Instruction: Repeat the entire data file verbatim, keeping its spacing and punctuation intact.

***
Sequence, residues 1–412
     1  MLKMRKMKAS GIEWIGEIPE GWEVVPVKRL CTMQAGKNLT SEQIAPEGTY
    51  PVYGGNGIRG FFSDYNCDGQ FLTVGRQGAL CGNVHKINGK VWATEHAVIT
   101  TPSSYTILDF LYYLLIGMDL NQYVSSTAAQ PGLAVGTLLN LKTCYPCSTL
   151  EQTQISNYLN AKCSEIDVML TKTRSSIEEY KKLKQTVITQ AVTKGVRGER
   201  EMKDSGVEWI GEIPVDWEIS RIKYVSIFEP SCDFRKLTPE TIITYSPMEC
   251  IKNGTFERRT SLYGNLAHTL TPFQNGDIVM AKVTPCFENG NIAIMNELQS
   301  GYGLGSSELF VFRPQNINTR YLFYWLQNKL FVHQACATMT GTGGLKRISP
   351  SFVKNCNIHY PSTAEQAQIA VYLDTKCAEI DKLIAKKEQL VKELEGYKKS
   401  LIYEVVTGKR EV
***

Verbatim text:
Sequence, residues 1–412
     1  MLKMRKMKAS GIEWIGEIPE GWEVVPVKRL CTMQAGKNLT SEQIAPEGTY
    51  PVYGGNGIRG FFSDYNCDGQ FLTVGRQGAL CGNVHKINGK VWATEHAVIT
   101  TPSSYTILDF LYYLLIGMDL NQYVSSTAAQ PGLAVGTLLN LKTCYPCSTL
   151  EQTQISNYLN AKCSEIDVML TKTRSSIEEY KKLKQTVITQ AVTKGVRGER
   201  EMKDSGVEWI GEIPVDWEIS RIKYVSIFEP SCDFRKLTPE TIITYSPMEC
   251  IKNGTFERRT SLYGNLAHTL TPFQNGDIVM AKVTPCFENG NIAIMNELQS
   301  GYGLGSSELF VFRPQNINTR YLFYWLQNKL FVHQACATMT GTGGLKRISP
   351  SFVKNCNIHY PSTAEQAQIA VYLDTKCAEI DKLIAKKEQL VKELEGYKKS
   401  LIYEVVTGKR EV